The Welcoming Streets program has a successful first month in Kingston

August 10, 2023

The Welcoming Streets program has reported a successful first month in Kingston.

Welcoming Streets is a collaborative project between the Downtown Kingston Business Improvement Area (BIA) and Addiction and Mental health Services Kingston, Frontenac, Lennox, and Addington (AMHS-KFLA). The one-year pilot project is also supported by the City of Kingston and funded in part by the Ontario Homelessness Prevention Program. The aim of the program is to connect directly and provide support to individuals who are experiencing homelessness, addiction, or mental health difficulties in the downtown core. The program also saw success in both Guelph and Belleville before coming to Kingston. Now approaching the one month mark in Kingston, the one-year pilot project has hit the ground running.

The Welcoming Streets stewards, both dedicated professionals from the mental health and addiction sector, one from the Downtown Kingston BIA and one from AMHS-KFLA, have been situated downtown to engage with the community and offer support. The Street Outreach Case Manager is out every day connecting people that could use mental health and addiction support to primary care. The second steward is primarily dealing with businesses who require support. The presence and guidance of stewards is coupled with other initiatives like providing naloxone training.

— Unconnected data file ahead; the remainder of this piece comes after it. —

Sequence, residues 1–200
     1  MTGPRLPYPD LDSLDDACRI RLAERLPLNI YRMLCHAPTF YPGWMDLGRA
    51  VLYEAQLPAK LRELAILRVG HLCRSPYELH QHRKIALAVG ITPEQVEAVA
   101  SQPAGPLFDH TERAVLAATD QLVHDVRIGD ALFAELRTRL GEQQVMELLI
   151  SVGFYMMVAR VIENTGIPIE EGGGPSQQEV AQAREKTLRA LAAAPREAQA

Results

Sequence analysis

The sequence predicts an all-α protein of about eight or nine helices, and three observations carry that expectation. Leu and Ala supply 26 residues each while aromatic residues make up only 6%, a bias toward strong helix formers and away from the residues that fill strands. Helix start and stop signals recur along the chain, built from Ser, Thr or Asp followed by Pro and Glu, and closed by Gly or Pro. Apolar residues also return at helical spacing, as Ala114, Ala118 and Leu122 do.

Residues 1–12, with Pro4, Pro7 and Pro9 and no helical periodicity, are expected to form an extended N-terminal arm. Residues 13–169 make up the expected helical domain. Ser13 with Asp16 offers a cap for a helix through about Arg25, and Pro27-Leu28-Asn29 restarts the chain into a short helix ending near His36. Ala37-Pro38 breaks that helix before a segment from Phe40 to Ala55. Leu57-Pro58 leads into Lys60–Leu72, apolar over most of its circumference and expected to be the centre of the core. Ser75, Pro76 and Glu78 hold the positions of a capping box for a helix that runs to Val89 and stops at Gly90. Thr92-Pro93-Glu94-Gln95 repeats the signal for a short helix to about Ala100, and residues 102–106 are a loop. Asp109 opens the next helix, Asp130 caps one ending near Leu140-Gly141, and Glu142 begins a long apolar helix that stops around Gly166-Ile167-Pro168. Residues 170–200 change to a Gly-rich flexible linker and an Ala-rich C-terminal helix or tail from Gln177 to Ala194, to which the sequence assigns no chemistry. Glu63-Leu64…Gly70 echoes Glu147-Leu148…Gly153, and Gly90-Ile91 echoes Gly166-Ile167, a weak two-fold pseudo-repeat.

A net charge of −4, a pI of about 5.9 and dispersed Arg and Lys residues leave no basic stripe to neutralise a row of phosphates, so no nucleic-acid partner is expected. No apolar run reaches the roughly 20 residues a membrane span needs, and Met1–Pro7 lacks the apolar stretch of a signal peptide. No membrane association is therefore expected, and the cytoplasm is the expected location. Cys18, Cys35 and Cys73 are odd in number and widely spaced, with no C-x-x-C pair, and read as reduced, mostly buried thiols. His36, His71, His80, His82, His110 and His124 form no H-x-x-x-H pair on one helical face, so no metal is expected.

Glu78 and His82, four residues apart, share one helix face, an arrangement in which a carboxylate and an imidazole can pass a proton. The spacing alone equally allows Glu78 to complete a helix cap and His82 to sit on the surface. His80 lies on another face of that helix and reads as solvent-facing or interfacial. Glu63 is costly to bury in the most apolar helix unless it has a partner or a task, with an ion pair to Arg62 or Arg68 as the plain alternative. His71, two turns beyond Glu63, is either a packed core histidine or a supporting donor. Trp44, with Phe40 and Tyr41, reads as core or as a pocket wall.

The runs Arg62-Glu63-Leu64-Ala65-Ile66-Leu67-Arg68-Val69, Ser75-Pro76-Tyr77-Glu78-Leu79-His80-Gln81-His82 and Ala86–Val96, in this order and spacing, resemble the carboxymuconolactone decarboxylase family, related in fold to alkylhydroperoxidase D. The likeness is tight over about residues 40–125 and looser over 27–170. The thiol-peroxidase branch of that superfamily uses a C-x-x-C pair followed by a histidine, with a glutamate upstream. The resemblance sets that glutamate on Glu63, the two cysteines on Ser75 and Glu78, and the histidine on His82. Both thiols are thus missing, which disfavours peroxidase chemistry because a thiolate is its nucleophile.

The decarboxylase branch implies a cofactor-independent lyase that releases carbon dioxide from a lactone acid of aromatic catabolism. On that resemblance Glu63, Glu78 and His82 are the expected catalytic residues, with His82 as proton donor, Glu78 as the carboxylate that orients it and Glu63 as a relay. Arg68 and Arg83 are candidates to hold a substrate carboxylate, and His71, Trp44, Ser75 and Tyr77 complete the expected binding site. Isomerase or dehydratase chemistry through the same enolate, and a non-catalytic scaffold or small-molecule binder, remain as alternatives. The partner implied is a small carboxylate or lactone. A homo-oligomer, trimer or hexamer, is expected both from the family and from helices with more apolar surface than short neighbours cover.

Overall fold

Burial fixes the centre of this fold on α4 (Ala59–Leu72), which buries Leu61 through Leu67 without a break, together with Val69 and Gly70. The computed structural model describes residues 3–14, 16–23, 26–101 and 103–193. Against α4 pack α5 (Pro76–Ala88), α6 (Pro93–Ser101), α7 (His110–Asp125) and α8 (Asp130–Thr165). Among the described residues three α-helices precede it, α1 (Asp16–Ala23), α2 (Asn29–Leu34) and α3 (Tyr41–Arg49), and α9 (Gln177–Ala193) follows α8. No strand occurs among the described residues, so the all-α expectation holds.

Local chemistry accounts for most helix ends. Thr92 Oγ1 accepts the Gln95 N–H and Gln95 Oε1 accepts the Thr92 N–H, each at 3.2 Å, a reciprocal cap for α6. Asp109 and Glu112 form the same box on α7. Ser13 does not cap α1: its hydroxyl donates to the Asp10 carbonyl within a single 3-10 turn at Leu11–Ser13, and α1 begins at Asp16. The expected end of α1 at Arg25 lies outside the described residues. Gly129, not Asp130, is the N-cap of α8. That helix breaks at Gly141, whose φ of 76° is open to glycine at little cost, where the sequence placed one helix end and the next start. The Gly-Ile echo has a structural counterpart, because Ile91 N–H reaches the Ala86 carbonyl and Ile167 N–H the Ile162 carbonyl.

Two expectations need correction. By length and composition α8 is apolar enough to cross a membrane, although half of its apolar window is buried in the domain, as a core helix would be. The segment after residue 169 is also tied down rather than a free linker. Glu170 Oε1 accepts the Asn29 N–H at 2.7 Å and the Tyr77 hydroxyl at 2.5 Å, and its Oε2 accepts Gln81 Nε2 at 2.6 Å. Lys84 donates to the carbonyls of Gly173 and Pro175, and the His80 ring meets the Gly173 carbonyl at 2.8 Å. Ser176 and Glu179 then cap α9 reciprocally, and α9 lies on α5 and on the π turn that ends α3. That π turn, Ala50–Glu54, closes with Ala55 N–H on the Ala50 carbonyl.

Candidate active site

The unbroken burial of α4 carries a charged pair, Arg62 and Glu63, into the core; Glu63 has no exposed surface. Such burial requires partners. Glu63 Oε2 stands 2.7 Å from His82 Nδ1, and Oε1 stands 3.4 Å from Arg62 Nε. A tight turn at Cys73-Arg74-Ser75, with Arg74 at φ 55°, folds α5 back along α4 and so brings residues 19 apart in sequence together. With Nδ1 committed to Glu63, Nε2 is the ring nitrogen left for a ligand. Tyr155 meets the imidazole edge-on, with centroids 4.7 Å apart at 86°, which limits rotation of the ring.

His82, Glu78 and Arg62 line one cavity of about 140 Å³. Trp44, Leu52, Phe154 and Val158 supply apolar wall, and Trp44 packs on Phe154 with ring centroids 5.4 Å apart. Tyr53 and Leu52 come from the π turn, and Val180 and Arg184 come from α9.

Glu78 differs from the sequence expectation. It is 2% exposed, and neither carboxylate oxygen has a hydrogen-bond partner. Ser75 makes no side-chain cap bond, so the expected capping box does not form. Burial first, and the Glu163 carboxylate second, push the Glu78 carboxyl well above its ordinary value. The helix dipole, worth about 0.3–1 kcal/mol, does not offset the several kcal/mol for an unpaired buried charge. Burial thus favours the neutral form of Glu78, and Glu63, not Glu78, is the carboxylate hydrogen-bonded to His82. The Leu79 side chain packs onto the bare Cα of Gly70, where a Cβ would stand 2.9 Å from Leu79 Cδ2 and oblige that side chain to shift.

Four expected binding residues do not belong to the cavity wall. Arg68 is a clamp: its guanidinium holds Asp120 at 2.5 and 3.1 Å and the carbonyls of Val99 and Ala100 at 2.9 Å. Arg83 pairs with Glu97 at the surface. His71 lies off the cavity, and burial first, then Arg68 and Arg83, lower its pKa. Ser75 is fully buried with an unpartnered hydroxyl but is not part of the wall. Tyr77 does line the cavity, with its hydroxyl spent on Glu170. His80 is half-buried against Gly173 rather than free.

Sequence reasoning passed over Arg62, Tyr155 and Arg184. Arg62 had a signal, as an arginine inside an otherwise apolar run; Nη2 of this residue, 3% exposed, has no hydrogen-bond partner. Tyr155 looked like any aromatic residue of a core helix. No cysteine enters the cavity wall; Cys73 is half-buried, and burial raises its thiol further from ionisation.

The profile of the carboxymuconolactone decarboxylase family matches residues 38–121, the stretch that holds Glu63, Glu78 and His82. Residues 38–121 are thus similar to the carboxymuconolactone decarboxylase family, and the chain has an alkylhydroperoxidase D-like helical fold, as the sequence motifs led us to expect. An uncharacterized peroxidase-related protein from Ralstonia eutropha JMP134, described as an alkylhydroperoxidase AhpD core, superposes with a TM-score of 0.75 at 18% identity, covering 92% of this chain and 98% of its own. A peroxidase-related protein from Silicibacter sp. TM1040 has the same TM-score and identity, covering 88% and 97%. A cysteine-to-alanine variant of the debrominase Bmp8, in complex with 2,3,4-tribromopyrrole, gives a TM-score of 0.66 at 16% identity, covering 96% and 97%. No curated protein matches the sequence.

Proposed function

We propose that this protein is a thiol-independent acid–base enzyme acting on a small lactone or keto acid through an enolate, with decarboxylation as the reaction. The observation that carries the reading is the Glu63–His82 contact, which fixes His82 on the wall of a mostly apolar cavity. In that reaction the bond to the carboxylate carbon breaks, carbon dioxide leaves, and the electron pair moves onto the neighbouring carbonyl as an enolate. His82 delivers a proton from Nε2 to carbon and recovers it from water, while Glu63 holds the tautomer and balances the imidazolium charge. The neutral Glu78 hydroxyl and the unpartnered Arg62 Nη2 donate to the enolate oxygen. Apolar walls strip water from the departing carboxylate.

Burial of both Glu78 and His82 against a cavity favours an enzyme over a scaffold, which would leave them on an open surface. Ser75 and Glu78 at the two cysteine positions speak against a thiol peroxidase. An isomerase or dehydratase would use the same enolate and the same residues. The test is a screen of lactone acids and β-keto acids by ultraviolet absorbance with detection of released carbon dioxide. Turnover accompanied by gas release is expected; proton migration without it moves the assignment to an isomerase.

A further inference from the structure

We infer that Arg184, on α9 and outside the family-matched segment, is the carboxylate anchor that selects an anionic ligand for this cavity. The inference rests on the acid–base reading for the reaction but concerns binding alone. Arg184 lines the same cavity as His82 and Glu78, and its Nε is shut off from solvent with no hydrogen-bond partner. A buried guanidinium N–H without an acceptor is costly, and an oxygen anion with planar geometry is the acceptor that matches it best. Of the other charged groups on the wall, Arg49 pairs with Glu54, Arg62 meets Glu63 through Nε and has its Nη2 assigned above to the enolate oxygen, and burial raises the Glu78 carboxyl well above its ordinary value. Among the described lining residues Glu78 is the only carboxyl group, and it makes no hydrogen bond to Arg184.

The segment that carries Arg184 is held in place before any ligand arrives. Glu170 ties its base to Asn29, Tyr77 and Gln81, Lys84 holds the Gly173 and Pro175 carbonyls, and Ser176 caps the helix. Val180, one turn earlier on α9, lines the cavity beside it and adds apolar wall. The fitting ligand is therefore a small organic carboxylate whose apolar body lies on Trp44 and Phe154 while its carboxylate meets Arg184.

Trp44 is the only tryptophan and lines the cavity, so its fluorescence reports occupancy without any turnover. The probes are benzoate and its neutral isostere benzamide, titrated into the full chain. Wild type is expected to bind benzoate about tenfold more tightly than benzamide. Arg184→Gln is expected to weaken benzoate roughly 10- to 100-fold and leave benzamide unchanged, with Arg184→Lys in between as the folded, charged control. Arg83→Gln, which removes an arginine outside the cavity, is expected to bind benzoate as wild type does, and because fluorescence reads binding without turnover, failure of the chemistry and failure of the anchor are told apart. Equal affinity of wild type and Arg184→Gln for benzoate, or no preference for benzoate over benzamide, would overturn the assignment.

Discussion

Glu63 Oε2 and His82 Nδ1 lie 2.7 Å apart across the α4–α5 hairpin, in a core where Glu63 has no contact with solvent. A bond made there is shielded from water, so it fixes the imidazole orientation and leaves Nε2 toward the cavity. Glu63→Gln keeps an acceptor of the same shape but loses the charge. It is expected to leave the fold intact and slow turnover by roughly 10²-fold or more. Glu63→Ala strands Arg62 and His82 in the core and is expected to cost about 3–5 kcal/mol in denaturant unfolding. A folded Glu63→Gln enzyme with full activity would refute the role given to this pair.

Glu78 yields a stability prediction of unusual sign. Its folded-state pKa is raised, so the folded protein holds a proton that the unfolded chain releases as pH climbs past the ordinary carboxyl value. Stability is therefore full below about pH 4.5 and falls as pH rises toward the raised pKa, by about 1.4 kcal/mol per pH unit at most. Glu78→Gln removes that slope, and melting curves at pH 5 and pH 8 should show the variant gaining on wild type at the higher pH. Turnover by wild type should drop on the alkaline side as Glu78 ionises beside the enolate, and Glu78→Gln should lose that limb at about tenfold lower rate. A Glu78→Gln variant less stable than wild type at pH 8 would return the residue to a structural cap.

Julie Lambert, one of the program managers at AMHS-KFLA and Mental Health Program Manager of the Welcoming Streets Program stated about the program so far, “It's been fantastic. The collaboration, it's just like, it was just waiting to happen and it's come together so smoothly and without really any hiccups. Even though they're from two different organizations, they're one team, there's no barriers. It just has been, it's been amazing actually. And it's really nice to see the collaboration happening. You can see connections to care.”

Marijo Ceurrier, Executive director of Downtown Kingston BIA, added to Lambert’s statement, “It feels like there was a bridge missing in various levels of communication around this particular subject. And it's like all the bridges got built at once. We have a very compassionate team of bylaw officers and police officers that work with us as well. It's better than I ever hoped for.”

With a successful start, the project will continue through its first year, keeping daily and weekly data and reporting to the municipality on a monthly basis.

Story by Christena Lawrie, CFRC News, for the Local Journalism Initiative